Wood, metal and stone

By Stephan Elbracht, September 2020

Wood, metal and stone not only require different tools but also quite different skills and states of mind. Humans and trees are connected through the breathing – their breathing corresponds with ours. But what the trees bequeath us, what they gift us and what we take from them is the hard, bony frame.

Photo: © Charlotte Fischer

It is not that long ago that people surrounded themselves with easy-to-handle wood, lived in it and made many useful objects from it. Everything was made by hand! In the Atlas Mountains in Morocco, it is still possible to buy hand-made wooden ploughs such as we can find depicted on ancient Egyptian murals. We craft a few selected, practical, artistic and educationally useful objects with the pupils: from a half-timbered house for the kindergarten, furniture, bowls, spoons, animals, sculptures, boats, stools, recorders and violins to key fobs and jewellery – depending on age group. 

In the workshop

“What a lovely smell,” many people say when they enter a wood workshop for the first time. Then they look around and discover many wooden shapes, figures and tools. They are immersed in a different world.

Wood smells sweet, tangy of resin, intoxicating. Each type is different – and it can also smell strongly of cat’s piss. Freshly cut, it smells fruity and sweet, sometimes of olives.

Wood is warm. It arises from a living flow of sap and then gradually becomes sclerotic – just like we humans.

In the transition from class 5 to class 6, a particularly consolidating step in development takes place. That is the right time to work with wood. We start with freshly cut or felled wood. First experiences are with the woodcarving knife. The fingers are very close to the blade. The hand that holds the wood and the hand that holds the knife. Earnestness, responsibility, joy in joint activity and a never-ending creative drive can be observed.

What is it that makes the children so enthusiastic?

A large piece of wood lies in front of the children at the start of class 6. Ancient types of tool are now used by them: a splitting wedge, a large two-person saw, an axe and also a hammer. They also gain practical experience of the structure of wood – the grain. Some of them will take a considerable amount of time to come to terms with the latter and this is what makes wood the most difficult material in comparison with stone and metal.

The tasks and tools are chosen in such a way by the craft teacher that the children learn to use them in stages. In class 6, articles of daily use are made. Wooden spoons for example. They should be “useful and beautiful”. Finely shaped, light and perfect wooden spoons leave the workshop.

The pleasure in and respect towards these household implements reinforce the meaningfulness of this task.

In class 8, we move from the detailed movement of carving to the big sweep of planing on a workbench. In class 9, the young people reach a stage of development in which they like to use the vigour of their will. They are presented with something substantial to “chew on”. A large rough sawn plank of wood still with the wane. Here they create order. They shape the first surface which then serves as a guide for everything else. “Dressing” it is called.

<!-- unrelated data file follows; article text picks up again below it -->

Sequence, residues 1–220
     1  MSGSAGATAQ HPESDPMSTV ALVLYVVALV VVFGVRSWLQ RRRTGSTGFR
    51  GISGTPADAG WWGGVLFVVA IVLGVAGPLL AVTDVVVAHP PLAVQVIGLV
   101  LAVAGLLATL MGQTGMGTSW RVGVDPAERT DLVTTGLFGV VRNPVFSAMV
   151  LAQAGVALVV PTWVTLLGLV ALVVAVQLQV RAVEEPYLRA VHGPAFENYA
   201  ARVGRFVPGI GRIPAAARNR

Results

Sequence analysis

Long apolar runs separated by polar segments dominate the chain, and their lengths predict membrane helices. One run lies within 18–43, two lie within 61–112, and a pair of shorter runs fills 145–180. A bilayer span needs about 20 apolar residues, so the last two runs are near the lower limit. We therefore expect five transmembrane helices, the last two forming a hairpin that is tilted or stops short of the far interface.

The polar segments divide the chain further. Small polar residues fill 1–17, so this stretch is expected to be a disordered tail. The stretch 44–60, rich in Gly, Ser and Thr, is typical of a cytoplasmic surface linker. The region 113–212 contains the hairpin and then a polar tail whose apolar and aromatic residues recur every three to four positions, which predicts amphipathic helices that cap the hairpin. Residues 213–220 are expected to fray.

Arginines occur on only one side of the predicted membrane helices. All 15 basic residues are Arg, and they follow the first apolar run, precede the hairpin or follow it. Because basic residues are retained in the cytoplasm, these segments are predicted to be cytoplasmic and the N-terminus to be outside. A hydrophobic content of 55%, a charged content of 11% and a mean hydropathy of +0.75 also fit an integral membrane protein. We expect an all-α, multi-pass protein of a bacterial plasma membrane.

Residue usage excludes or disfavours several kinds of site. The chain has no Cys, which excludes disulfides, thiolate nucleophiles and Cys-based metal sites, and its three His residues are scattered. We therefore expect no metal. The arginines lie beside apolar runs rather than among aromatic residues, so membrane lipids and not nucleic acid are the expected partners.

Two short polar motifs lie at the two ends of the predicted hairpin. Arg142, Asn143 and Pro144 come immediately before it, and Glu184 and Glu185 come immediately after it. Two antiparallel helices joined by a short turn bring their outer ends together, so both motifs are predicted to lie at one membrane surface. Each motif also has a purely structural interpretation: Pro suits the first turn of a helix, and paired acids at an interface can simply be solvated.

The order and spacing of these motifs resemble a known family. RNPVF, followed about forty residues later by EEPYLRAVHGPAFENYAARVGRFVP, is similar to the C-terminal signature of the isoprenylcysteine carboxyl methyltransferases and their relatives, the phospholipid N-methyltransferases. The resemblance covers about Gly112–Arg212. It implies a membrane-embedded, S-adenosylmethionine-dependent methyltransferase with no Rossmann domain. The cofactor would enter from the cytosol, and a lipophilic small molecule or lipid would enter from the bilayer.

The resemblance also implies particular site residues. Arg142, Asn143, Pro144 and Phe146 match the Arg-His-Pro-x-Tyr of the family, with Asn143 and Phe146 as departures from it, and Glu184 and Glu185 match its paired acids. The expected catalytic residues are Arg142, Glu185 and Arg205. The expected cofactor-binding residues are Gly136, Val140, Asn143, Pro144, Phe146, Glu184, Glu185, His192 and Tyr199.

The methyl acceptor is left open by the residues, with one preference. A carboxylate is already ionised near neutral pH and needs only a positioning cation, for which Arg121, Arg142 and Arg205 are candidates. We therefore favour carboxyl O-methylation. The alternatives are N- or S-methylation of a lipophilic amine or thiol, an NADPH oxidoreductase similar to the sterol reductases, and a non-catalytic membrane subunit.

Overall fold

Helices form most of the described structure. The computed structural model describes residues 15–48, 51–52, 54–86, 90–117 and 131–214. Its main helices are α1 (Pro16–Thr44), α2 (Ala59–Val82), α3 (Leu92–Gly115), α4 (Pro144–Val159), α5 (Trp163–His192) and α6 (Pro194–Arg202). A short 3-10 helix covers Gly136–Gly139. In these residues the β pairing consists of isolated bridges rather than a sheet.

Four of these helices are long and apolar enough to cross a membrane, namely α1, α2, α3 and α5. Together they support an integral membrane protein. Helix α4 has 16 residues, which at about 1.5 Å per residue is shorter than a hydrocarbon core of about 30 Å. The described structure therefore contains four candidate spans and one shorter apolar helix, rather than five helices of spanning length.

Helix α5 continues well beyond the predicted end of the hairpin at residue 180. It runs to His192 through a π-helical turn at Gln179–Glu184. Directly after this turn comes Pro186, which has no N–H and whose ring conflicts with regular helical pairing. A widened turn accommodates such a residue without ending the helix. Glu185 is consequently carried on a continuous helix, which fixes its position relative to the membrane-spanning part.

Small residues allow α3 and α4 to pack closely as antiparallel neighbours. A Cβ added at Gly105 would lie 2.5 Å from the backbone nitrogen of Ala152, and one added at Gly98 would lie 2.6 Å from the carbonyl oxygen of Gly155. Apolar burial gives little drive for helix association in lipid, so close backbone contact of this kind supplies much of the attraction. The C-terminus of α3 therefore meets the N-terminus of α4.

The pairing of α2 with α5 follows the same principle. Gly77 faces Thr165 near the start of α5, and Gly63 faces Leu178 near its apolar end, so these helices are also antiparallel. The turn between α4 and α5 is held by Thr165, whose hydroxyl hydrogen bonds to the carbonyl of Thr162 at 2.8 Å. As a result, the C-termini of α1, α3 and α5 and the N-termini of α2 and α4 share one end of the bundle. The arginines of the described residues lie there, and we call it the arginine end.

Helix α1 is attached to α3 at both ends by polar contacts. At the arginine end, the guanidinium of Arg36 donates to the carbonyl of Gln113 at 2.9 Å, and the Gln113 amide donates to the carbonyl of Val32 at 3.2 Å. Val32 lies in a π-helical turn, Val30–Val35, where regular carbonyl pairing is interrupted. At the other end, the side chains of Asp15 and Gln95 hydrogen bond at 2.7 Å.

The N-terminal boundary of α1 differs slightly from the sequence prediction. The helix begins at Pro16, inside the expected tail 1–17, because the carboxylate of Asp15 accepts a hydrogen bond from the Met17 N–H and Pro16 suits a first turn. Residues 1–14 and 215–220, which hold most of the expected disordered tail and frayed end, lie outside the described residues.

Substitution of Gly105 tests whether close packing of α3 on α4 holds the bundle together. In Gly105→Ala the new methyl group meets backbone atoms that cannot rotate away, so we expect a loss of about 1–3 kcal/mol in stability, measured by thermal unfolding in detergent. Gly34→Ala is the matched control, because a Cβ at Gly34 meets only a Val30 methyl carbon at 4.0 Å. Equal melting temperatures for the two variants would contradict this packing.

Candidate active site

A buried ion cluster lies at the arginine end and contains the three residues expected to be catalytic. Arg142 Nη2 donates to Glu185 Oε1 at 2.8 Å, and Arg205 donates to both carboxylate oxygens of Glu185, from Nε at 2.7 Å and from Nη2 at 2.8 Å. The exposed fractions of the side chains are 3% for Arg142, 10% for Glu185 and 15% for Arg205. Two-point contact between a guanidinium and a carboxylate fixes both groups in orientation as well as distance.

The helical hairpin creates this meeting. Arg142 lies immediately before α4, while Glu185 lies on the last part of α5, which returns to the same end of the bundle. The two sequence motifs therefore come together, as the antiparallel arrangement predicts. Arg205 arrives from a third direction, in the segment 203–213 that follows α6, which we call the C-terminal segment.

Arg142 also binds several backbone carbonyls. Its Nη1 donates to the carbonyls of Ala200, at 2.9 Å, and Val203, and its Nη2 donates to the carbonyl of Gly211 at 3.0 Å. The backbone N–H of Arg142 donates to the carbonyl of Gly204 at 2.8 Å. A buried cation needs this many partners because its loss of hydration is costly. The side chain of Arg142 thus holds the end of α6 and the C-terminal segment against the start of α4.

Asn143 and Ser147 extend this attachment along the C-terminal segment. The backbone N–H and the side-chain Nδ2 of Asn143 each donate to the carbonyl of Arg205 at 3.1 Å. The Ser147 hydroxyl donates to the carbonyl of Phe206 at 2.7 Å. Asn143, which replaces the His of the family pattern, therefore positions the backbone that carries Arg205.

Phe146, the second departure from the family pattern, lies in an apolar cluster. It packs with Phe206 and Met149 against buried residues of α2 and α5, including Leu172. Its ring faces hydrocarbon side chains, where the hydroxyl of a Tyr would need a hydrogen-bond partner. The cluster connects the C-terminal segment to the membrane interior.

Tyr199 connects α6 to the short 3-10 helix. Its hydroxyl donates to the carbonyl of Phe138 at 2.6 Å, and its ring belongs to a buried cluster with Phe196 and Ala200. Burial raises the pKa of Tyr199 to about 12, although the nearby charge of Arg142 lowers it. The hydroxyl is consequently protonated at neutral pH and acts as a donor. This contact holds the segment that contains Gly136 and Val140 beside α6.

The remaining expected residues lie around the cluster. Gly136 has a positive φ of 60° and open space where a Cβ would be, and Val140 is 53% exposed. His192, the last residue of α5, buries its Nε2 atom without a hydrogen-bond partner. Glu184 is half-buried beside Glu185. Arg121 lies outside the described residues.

Uncontrolled will does not achieve a lot here. The young people have to learn to observe and think. Smaller joints require the precise guidance of the tool, a high level of attentiveness and the ability to think spatially. The final result is a small bench with dovetailed joints.

With carving, the pupils embark on the search for their own sculpted form in class 12. The task now is to shape every surface in its place in a living form and to make each cut with awareness of the surface. Capturing the whole form “in its entirety” and shaping it rhythmically and expressively is a great challenge appropriate for this age.

It becomes clear that the children and young people can have many different experiences with wood – from simple to demanding things, always in accord with their respective stage of development.

In contrast to other subjects, they can “see” what they are doing. They take their workpieces home with them and have the opportunity to look back at their work many years later and see their own development.

Metal

Metals can be found in humans, animals, plants, colours, earths and rocks. The first metals to be worked by humans were copper, gold, silver and tin. Later on they were joined by iron. With the children and young people we mainly work on iron and copper.

The class 3 pupils enter the blacksmith’s workshop with excited anticipation. There is a sharp and stringent smell and yet the children are drawn into the space. The great forge with the hood in the middle, the wood and leather bellows on the ceiling, and the series of hammers, tongs and unfamiliar iron tools on the walls: there is much to discover.

Now at the firepot they can hear the puffing of the bellows and in the swirling dust they can see the airflow.

“What is it that the smith needs?” The class touch the black coal, inspect the slack tub. Stacked in the forge, everything is brought together. The only thing still missing is the fire.